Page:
The measurement of a change in state of each switching junction 32 through 35, as seen by the total resistance appearing between terminals 21a and 21c, may be used to calibrate the electrical lapping guide resistor 31. As such, the electrical lapping guide resistor 31, when approaching the final throat height, will be accurately calibrated, permitting the lapped surface 23 to be positioned within a nominal throat height of approximately 1 to 2 microns to the desired final throat height.
The change in electrical resistance appearing between terminals 21a and 21c can readily be recognized with reference to FIG. 4. FIG. 4 electrically represents the position of each switching junctions 32 through 35 with respect to the final throat height. It is clear that as the lapping surface 23 is lapped away, switches 32 through 35 will, in sequence, be rendered in an open circuit condition. Each open circuit condition which results from lapped surface 23 progressing toward final throat height, is seen as the addition of resistances 38 through 41 in the series circuit represented between terminals 21a and 21c. Of course, during the switching of junctions 32 through 35, the analog resistance measured between terminals 21a and 21b will be changing in accordance with the above equation.
The change in electrical resistance appearing between terminals 21a', 21b' and 21c' of FIG. 5 can be determined by reference to FIG. 6. This change in resistance is the same as that described above with reference to FIGS. 2 and 4 for the corresponding elements.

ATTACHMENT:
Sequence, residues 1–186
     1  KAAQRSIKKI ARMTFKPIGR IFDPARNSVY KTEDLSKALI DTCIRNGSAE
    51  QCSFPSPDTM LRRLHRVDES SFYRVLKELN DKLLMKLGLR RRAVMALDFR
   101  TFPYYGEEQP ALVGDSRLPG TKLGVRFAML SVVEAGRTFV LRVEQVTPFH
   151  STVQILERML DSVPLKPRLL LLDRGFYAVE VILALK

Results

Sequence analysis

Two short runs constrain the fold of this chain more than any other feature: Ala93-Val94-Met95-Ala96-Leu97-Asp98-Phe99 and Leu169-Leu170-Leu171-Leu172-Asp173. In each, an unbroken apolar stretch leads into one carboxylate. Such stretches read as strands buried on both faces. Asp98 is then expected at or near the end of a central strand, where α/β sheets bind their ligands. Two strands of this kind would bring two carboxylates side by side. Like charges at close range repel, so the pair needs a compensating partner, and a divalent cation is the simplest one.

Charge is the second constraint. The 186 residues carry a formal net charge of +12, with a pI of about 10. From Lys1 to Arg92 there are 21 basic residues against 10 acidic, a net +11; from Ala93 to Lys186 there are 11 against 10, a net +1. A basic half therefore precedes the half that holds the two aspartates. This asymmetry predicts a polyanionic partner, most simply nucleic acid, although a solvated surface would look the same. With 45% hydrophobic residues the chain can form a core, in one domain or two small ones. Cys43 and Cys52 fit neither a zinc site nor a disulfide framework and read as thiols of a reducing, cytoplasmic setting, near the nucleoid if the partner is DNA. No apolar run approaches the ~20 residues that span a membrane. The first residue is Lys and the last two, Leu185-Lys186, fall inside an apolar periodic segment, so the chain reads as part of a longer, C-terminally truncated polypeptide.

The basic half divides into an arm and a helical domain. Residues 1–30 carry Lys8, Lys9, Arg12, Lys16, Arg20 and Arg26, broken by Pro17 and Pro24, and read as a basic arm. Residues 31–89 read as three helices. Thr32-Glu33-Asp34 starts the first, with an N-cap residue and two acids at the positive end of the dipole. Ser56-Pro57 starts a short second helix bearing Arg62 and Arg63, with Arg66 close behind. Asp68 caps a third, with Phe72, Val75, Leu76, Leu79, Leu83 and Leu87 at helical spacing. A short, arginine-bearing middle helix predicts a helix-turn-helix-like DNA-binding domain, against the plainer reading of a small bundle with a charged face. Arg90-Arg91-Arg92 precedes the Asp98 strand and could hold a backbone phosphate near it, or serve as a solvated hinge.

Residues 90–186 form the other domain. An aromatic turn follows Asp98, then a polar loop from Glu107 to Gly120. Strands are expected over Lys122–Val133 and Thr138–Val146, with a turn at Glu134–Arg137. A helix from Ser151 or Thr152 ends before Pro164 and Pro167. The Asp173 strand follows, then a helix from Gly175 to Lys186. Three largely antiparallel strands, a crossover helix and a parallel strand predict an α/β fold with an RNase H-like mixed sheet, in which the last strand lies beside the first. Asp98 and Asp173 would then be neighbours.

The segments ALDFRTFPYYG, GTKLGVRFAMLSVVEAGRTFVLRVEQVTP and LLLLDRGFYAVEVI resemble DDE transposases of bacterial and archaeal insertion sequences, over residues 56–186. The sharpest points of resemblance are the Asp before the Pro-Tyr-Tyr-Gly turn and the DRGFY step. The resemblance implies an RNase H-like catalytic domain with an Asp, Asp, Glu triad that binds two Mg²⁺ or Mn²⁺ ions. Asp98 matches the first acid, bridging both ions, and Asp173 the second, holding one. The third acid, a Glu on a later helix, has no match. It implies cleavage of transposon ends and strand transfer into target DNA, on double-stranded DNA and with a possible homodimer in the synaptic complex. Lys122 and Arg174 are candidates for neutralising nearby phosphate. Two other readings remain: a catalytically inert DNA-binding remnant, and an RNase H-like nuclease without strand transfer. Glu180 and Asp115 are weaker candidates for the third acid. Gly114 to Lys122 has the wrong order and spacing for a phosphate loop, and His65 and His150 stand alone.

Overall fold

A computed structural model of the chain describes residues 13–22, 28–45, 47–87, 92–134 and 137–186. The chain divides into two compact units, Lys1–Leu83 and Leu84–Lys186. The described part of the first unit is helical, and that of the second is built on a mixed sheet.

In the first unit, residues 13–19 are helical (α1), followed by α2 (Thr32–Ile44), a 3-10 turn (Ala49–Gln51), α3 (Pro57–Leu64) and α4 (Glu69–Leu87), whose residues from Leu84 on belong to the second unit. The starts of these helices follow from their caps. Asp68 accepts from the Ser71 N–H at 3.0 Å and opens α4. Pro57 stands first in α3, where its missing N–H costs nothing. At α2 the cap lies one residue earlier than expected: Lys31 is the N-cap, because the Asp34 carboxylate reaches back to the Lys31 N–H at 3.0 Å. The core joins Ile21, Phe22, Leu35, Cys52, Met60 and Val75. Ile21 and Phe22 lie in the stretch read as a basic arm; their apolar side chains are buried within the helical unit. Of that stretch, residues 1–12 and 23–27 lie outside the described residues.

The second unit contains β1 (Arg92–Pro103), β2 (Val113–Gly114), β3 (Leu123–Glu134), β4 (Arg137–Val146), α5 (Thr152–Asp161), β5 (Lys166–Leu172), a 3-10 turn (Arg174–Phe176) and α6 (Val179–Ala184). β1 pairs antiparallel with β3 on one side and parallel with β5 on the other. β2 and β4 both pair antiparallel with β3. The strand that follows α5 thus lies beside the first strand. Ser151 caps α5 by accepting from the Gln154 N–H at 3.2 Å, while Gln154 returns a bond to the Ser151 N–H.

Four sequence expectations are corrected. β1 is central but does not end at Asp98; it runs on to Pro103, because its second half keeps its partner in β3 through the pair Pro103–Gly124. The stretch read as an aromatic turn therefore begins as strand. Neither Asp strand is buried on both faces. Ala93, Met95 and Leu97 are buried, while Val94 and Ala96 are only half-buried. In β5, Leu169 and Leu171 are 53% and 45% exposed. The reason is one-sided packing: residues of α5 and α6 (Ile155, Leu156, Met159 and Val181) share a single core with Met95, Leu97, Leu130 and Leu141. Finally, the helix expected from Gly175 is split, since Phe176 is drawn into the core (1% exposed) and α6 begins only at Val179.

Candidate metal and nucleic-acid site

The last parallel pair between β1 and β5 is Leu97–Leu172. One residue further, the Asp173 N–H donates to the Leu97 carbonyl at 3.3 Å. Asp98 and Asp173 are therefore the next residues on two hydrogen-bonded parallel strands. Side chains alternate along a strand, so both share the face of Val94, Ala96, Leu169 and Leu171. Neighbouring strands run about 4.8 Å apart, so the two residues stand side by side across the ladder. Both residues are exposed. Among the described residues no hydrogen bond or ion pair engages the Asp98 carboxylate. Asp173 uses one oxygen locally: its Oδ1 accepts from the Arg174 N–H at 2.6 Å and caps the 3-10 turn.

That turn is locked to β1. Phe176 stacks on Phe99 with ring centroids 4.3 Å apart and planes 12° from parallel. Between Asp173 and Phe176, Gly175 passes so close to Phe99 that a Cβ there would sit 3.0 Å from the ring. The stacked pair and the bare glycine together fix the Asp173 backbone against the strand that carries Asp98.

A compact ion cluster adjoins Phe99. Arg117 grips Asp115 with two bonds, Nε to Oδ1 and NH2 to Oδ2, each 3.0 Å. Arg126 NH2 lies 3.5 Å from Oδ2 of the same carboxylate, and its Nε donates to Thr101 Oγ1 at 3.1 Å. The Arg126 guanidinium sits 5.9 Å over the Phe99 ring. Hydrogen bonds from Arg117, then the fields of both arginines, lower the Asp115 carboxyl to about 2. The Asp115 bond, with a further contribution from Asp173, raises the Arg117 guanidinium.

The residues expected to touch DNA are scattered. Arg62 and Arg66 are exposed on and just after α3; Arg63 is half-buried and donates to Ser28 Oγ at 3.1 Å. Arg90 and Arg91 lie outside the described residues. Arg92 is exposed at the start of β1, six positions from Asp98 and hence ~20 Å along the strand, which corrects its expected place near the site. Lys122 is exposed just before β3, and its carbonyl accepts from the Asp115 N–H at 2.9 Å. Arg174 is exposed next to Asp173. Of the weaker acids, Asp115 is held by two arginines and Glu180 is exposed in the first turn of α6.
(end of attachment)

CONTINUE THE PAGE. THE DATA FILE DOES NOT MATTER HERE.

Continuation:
With the foregoing calculation, it is possible to determine with two ELG structures on opposite sides of the lapped surface, the required force differential to maintain the lapped surface level with respect to the final throat height for the transducer array. Additionally, an end resistance may be determined for each electrical lapping guide resistor 31 identifying a desired throat height. Lapping may then be terminated on this desired throat height. Thus, the prior art technique of fine lapping during a wash cycle by setting a pre-fixed wash cycle time may be avoided as the resistor 31 is sufficiently accurate at this stage in the lapping process and its width close to the end of the lapping process to determine a fine lapping point. Alternatively, lapping may be terminated when the last of the switches, switch 35, changes state.